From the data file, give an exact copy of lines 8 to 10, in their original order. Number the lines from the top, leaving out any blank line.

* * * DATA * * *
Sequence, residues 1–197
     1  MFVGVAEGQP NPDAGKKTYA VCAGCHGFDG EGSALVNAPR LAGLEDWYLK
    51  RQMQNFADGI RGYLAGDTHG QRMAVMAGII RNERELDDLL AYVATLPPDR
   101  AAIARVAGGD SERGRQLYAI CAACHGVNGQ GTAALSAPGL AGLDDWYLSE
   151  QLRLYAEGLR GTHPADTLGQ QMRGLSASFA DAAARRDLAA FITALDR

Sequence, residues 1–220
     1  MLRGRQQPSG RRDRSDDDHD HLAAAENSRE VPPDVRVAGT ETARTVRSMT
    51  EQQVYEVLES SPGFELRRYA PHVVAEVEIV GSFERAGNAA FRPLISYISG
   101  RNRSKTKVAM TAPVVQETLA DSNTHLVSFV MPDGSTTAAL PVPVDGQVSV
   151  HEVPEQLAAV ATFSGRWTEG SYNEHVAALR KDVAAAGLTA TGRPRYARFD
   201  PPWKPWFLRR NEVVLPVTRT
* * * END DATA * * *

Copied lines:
    51  EQQVYEVLES SPGFELRRYA PHVVAEVEIV GSFERAGNAA FRPLISYISG
   101  RNRSKTKVAM TAPVVQETLA DSNTHLVSFV MPDGSTTAAL PVPVDGQVSV
   151  HEVPEQLAAV ATFSGRWTEG SYNEHVAALR KDVAAAGLTA TGRPRYARFD